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A phylogenetic tree, phylogeny or evolutionary tree is a graphical representation which shows the evolutionary history between a set of species or taxa during a specific time. In other words, it is a branching diagram or a tree showing the evolutionary relationships among various biological species or other entities based upon similarities and differences in their physical or genetic characteristics. In evolutionary biology, all life on Earth is theoretically part of a single phylogenetic tree, indicating common ancestry. Phylogenetics is the study of phylogenetic trees. The main challenge is to find a phylogenetic tree representing optimal evolutionary ancestry between a set of species or taxa. Computational phylogenetics (also phylogeny inference) focuses on the algorithms involved in finding optimal phylogenetic tree in the phylogenetic landscape.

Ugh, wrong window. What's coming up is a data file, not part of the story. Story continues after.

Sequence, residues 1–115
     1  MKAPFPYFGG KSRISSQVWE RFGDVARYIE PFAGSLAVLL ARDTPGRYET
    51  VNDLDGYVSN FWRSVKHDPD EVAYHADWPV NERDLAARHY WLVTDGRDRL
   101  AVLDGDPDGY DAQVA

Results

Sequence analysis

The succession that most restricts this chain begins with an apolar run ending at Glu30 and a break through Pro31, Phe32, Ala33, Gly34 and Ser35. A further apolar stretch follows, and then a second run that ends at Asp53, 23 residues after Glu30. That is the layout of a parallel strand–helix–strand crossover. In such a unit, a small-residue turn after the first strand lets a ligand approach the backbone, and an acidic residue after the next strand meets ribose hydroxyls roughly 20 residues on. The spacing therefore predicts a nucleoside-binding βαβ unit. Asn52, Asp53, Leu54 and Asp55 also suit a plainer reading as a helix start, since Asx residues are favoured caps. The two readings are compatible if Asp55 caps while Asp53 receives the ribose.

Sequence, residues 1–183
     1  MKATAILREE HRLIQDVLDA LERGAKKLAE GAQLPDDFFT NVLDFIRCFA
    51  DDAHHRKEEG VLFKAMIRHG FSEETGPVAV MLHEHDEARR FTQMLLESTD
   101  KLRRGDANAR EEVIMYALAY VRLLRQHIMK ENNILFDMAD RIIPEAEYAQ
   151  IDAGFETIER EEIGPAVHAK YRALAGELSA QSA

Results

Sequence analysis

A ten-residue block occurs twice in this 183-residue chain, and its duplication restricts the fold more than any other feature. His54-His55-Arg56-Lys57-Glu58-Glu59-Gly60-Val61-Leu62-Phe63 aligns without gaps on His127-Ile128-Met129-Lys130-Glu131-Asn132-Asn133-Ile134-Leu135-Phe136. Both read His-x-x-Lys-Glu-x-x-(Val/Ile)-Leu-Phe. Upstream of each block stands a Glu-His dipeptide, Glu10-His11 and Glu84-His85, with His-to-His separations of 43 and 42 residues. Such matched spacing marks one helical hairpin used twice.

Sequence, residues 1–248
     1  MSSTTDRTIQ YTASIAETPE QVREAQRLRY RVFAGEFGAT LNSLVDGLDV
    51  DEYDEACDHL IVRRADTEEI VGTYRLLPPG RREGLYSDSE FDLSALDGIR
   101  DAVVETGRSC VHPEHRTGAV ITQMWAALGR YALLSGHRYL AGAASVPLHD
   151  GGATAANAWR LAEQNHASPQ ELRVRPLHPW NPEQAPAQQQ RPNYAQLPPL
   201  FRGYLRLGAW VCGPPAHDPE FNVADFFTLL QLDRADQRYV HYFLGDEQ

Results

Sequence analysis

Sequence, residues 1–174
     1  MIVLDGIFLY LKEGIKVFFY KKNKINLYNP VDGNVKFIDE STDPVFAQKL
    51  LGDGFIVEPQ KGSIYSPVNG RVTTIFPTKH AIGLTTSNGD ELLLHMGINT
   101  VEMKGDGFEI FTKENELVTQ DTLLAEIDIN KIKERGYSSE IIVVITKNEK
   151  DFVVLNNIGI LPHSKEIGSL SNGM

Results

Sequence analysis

Phylogenetic trees may be rooted or unrooted. In a rooted phylogenetic tree, each node with descendants represents the inferred most recent common ancestor of those descendants, and the edge lengths in some trees may be interpreted as time estimates. Each node is called a taxonomic unit. Internal nodes are generally called hypothetical taxonomic units, as they cannot be directly observed. Trees are useful in fields of biology such as bioinformatics, systematics, and phylogenetics. Unrooted trees illustrate only the relatedness of the leaf nodes and do not require the ancestral root to be known or inferred.
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